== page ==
From the desk of Teresa Goddard, M.S., Lead Consultant – Sensory Team
During my time at JAN, I have watched with growing satisfaction as employers have become more comfortable with the idea of hiring an interpreter. In 1992, the EEOC stated in section III of the Technical Assistance Manual for Title I of the Americans with Disabilities Act (ADA) that, “It may be necessary to obtain a qualified interpreter for a job interview, because for many jobs the applicant and interviewer must communicate fully and effectively to evaluate whether the applicant is qualified to do the job.” However, 10 years ago it was common for me to take several calls a month about whether an interpreter should be provided for an interview. Now, as the ADA is turning 30, I get far more questions about how to provide this important form of accommodation. If you are looking for an interpreter, JAN can help. As a starting point, see the JAN webpage on Interpreters.
The membership directory of the Registry of Interpreters for the Deaf (RID) may also be helpful when searching for a community-based American Sign Language (ASL) interpreter. If finding a freelance interpreter is challenging, RID also offers a search for agencies feature that provides interpreters and interpreter referral services. RID also offers information on hiring an interpreter.
When employers are having difficulty contracting with an interpreter locally, there are a couple of additional strategies that JAN consultants typically suggest. First it may be possible to find a vendor providing nationwide onsite interpreting.
Another option to consider is contacting a company that specializes in streamlining the process of scheduling onsite and video remote interpreting (VRI) interpreters. VRI allows consumers to schedule interpreters via a point-to-point videoconference instead of having a live, on-site interpreter.
Finally, you may also want to contact the applicant to see whether they know of anyone who might be able to interpret or assist you in finding an interpreter. For example, the applicant may know of an interpreter who is in the area or may be receiving services from an organization that could help, such as a state vocational rehabilitation program. You might also ask the applicant whether they would prefer to delay the interview until a qualified onsite interpreter can be found, or whether they would prefer instead to explore other accommodation options such as VRI. This can also be an option for providing interpreter support during video-based interviews. Videoconferencing with interpreter support is much like conferencing in any other third person over video, except that the third person is an interpreter.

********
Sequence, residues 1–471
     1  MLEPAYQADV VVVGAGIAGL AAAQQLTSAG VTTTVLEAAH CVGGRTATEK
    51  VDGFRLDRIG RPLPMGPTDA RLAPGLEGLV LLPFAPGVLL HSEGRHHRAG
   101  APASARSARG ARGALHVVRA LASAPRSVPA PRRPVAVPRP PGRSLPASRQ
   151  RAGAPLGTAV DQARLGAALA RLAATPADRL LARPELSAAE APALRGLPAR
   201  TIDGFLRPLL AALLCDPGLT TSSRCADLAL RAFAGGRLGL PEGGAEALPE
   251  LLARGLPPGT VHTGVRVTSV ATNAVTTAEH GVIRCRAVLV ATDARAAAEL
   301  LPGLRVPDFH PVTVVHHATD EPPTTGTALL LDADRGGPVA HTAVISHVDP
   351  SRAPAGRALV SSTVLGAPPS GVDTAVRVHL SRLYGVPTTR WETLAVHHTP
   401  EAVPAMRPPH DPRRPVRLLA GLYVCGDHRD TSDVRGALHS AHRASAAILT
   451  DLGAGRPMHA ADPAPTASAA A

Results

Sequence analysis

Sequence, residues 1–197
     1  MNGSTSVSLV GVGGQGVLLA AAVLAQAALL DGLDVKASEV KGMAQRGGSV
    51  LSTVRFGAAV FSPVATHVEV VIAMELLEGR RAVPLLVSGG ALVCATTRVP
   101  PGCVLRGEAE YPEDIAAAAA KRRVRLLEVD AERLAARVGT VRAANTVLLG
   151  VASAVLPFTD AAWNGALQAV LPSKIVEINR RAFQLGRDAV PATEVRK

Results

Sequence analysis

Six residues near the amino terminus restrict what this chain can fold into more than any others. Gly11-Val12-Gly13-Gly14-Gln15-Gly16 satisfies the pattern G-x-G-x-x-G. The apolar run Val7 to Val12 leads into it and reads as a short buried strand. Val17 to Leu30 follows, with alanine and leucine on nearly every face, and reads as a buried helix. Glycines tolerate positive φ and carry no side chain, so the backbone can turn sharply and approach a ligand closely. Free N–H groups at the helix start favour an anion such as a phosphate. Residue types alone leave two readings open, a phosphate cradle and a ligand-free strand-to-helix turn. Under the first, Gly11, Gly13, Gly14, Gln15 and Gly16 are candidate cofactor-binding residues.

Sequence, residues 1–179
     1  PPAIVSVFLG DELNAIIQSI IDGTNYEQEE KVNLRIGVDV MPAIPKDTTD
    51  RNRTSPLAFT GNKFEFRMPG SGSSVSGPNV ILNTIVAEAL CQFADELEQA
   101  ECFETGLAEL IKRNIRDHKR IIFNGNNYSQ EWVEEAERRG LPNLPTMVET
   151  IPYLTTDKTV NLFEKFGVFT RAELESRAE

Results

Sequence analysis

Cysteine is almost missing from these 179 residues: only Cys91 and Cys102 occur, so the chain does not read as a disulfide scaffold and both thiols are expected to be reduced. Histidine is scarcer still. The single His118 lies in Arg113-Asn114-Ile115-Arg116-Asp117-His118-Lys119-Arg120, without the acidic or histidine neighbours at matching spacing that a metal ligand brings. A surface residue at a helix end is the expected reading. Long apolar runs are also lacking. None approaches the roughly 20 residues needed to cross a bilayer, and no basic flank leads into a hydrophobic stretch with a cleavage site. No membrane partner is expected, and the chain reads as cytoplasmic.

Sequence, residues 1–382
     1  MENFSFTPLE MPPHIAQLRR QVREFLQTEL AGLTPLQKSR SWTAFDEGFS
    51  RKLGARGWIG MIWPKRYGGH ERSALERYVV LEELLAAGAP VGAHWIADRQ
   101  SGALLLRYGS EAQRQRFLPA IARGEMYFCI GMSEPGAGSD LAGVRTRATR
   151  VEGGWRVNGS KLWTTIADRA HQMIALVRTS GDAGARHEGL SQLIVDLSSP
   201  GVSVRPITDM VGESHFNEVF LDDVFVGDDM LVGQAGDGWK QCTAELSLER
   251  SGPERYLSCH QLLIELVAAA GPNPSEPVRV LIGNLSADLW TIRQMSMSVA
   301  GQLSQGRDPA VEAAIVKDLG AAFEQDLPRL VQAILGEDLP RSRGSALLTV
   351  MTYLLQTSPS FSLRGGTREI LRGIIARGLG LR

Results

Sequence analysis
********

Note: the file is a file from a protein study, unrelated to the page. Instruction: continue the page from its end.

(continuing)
Employers often ask about using Video Relay Services (VRS) during telephone interviews with candidates. This can be a useful option especially for situations where an initial telephone interview is part of the hiring process. Some candidates may even prefer it especially if interviewing for a position that requires phone use. However, employers may want to consider other options such as VRI or a community-based (in-person) interpreter, especially if they anticipate discussing complex topics, or if interviewing for a position in a field with extensive technical jargon. Having an interpreter who is familiar with one’s industry, or who can be briefed on vocabulary in advance, can be helpful in providing a candidate with the best opportunity to showcase their skills and experience, leading to a successful hiring process.
In some cases, employers have also reported using text-based methods such as online chat as part of their interview process. This can be an option if used to avoid delays in interviewing a candidate who is deaf with their agreement or at the candidate’s request. However, it is of vital importance to ensure effective communication in order to facilitate equal access to the hiring process. If the effectiveness of a communication method is in doubt, it may make sense to schedule a follow-up conversation using another more effective method.
Remember, individual needs vary. Some individuals who are deaf may prefer to use ASL for an interview even if they also use assistive technology and text-based communication some of the time. Others, particularly those who acquired deafness later in life, may prefer other forms of support, such as Communication Access Realtime Translation (CART), remote CART, and communication access technologies or apps. Linking two text telephone (TTY) devices is an older, but functional approach for organizations that have this equipment on hand. Borrowing or purchasing a dedicated device for text-based communication, for example the UbiDuo, is another possibility. If text-based support is needed, but specialized technology isn’t available, texting and sharing a keyboard to type back and forth may work in some cases. Captioned phone calls continue to be a popular option among individuals who are hard of hearing, and TTY relay services, while less commonly used than in the past, continue to be used, especially in rural areas with limited internet connectivity. Again, effectiveness is key. While some candidates may prefer and even specifically request text-based or text-supported communication, it is preferable to provide an interpreter if one is requested.
Also keep in mind that some candidates may use the terms deaf and hard of hearing differently than you might expect. A useful strategy, especially when a candidate has disclosed that they are deaf or hard of hearing, is to let the candidate know about the next step in the application process and ask if an accommodation is needed. This provides the candidate with a cue to let you know about their communication needs and accommodation preferences.
As always, please contact JAN with any questions about effective communication in the workplace.